Fish River Canyon

Fish River Canyon

In the far south of Namibia, the Fish River rises in the centre of the country, before flowing south into the Orange River, on Namibia’s border with South Africa. In between, it has formed the great Fish River Canyon – the largest canyon in the southern hemisphere, and probably only second to Arizona’s Grand Canyon in terms of size. Approaching the Fish River Canyon from the north is like driving across Mars. The vast rocky landscape breaks up into a series of spectacular cliffs, formed by the Fish River as it meanders between boulders over half a kilometre below. Its size is impressive: 161km long, up to 27km wide and almost 550m at its deepest. Keep in mind that the river is seasonal and generally only flows in the rainy season from January to April.

Holidays to the Fish River Canyon area

Most of our visitors who come to the Fish River Canyon will come for a few days as part of a self-drive holiday around the country; flying here can be costly, and there are currently no scheduled planes flying this way. The main attractions of the area are:

Ai Ais National Park

The area around the southern part of Fish River Canyon was proclaimed a conservation area in 1969. The land was as poor in potential for agriculture as it is rich in potential for tourism, and this was a way of protecting the area from uncontrolled development. The 345,000ha national park now encompasses Ai-Ais and Hobas. A more recent initiative has seen the park linked with the environmentally similar Richtersveld in South Africa, to form Namibia’s first transfrontier or peace park: Ai-Ais Richtersveld Transfrontier Park.

Flora and Fauna

Driving around you will probably see few larger animals, though there are many if you look hard. These include herds of Hartmann’s mountain zebra, small groups of kudu and the smaller klipspringer antelope, which are usually seen in pairs. Baboon make no secret of their presence if around, and dassies (alias rock rabbits) are common, but leopard, though certainly present, are very rarely seen. It’s not unusual to drive for a few hours, and see no mammals at all.

Birds, too, are around but often not obvious. This isn’t a centre for birdwatching, as only about 60 species are thought to live here, but look out for the majestic black eagle, as well as the rock kestrel and rock pigeon, and especially for the localised yellow-rumped eremomela which occur near Ai-Ais. Karoo bustards and ostrich are the highlights of the open plains above the canyon itself. In the canyon itself, herons, cormorants and kingfishers take advantage of the river’s bounty, while both martins and mountain wheatear keep the hiker company from above.

Vegetation is sparse. Both on the top and on the canyon’s slopes, the larger species are mostly euphorbias, with the odd quivertree and occasional deep red aloe, Aloe gariepensis. However, parts of the canyon’s base where there is water are quite lush – like the Sulphur Springs with its palm trees and further south towards Ai-Ais. There you can expect camelthorn, wild tamarisk and ebony trees, amongst others.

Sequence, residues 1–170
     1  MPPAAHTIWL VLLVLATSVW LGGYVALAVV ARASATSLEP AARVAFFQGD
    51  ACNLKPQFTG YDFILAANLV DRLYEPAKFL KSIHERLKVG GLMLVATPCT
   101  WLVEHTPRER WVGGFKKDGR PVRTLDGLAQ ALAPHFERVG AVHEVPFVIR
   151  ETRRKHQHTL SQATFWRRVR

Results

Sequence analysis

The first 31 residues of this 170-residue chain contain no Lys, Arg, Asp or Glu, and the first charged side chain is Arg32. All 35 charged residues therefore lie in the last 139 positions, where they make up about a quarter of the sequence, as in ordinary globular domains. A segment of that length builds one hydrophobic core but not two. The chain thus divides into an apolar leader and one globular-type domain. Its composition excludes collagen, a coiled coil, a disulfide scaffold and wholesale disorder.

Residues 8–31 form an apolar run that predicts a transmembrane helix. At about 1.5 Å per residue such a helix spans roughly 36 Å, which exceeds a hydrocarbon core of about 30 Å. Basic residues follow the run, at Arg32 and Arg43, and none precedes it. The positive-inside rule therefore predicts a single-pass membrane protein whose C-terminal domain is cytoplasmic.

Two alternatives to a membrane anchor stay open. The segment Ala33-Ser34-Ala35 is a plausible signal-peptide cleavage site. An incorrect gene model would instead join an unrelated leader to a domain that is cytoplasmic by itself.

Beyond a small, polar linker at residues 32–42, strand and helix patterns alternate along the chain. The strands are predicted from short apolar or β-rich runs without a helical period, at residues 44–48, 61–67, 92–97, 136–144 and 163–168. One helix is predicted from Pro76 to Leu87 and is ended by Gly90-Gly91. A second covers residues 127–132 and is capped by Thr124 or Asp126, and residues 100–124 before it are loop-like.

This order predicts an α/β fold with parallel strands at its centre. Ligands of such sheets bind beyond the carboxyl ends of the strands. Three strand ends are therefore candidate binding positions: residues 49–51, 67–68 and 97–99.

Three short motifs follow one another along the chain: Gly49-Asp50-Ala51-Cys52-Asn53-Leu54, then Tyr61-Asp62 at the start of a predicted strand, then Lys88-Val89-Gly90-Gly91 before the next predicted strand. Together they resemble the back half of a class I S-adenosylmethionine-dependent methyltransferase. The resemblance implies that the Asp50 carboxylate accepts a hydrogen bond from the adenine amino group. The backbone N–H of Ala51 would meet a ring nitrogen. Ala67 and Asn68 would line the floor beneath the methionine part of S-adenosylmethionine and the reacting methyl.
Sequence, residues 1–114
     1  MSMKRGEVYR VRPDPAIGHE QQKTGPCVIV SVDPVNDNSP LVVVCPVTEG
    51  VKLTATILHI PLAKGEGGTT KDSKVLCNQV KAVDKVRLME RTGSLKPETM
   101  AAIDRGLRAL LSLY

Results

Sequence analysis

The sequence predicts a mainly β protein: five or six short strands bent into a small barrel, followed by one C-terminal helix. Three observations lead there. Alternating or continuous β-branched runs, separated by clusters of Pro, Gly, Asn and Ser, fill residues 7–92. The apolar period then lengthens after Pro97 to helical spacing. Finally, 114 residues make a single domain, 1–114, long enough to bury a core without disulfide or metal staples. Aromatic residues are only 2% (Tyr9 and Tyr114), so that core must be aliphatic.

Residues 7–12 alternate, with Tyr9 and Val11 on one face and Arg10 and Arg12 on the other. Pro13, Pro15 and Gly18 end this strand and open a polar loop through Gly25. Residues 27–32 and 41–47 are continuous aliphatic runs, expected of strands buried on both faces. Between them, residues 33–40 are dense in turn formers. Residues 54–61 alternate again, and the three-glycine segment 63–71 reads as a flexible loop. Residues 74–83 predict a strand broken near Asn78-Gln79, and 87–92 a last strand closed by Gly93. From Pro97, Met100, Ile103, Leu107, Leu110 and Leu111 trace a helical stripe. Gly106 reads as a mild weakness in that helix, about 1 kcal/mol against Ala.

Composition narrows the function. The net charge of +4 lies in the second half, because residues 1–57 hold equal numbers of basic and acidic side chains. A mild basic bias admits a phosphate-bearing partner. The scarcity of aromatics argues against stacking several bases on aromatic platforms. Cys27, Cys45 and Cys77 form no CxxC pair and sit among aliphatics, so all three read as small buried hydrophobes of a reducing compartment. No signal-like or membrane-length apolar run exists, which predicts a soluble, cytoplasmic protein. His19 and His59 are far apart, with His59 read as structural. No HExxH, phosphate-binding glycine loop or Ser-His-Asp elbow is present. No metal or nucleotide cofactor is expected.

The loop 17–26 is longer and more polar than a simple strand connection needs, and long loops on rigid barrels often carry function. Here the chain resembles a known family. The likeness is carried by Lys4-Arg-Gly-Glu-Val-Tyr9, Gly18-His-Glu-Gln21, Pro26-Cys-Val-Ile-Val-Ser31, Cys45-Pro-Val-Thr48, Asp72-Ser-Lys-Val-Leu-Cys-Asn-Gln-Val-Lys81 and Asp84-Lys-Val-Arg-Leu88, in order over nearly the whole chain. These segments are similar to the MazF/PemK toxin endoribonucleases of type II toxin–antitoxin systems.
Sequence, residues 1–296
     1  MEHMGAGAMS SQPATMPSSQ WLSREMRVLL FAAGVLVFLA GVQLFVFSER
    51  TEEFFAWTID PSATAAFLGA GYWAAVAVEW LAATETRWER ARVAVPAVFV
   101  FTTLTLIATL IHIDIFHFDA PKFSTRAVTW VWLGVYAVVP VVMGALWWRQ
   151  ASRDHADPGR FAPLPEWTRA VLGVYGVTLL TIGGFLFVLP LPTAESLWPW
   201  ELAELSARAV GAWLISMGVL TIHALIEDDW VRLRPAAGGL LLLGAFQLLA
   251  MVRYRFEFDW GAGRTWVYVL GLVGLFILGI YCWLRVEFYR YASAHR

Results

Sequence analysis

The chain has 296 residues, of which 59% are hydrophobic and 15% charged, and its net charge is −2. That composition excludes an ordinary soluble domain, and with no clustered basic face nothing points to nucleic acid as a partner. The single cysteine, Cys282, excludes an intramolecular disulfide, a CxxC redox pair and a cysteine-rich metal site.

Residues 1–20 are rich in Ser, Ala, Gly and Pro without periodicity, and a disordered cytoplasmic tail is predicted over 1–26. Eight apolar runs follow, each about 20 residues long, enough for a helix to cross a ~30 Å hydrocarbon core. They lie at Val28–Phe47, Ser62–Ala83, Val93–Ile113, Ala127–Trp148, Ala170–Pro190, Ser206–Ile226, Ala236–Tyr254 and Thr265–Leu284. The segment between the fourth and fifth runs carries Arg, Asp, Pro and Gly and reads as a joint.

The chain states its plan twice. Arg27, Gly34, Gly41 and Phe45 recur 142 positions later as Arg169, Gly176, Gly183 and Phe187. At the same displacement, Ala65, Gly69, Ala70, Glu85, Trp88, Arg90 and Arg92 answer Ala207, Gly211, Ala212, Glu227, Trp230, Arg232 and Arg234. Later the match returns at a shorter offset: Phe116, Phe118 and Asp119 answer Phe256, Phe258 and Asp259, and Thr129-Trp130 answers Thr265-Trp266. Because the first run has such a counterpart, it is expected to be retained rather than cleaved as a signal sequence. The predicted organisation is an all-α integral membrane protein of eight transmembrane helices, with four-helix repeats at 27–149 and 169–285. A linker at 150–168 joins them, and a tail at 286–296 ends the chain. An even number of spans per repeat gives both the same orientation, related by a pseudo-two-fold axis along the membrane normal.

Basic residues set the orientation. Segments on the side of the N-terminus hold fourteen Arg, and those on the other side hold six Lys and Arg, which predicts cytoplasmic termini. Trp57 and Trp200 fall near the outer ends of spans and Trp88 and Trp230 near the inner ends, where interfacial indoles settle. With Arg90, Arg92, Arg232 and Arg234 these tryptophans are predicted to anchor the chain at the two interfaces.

Hiking in the Fish River Canyon

Keen hikers will know that the Fish River Canyon hike is one of Africa’s a toughest hikes. This five-day, self-guided hike is possible for groups of three or more people, but only when it’s cool (May – Sept). We can arrange for the permits and transport to get you to and from the hike – perhaps building it into a fly-drive itinerary. We can even arrange for a professional guide to accompany you, or a satellite phone to take. However, the responsibility for buying and carrying all your food and equipment remains strictly with you. Once you start the hike, there’s no easy way out!

For a slightly less demanding options, ask us about the shorter hikes, plus a full five day full supported hike, organised by Fish River Lodge in the Canyon Nature Park – slightly up-river from the national park, on the western side.

Geology of the Fish River Canyon

Surprisingly the canyon was not in fact carved out by water erosion of the Fish River. The beginnings of the canyon started about 500 million years ago when a fracture of the earth’s crust resulted in the collapse of the valley bottom forming a broad valley running north-south. Southward moving glaciers deepened it with more faults and erosion adding to the effect. It was only about 50 million years ago when the Fish River started to cut its way along the valley floor. The fault accounts for the gorge-like channel and the occurrence of the hot sulphurous springs found at Ai-Ais.

Africa’s Largest Canyon?

Pedants cite Ethiopia’s Blue Nile Gorge as being Africa’s largest canyon. It is certainly deeper than the Fish River Canyon, at about 1,000m, but it is also narrower (about 20km wide at its widest), and probably shorter as well. Like many vague superlatives, ‘largest’ is difficult to define. In this case, we would have to measure the volume of the canyon – and even then there would be questions about exactly where it begins and ends. Suffice to say that both are too large to take in at one sight, and both are well worth visiting.

History of the Canyon

Situated in a very arid region of Namibia, the Fish River is the only river within the country that usually has pools of water in its middle reaches during the dry season. Because of this, it was known to the peoples of the area during the early, middle and late Stone Ages. Numerous early sites dating from as early as 50,000 years ago have been found within the canyon – mostly beside bends in the river.
Around the beginning of this century, the Ai-Ais area was used as a base by the Germans in their war against the Namas. It was finally declared a national monument in 1962. Ai-Ais Restcamp was opened in 1971.
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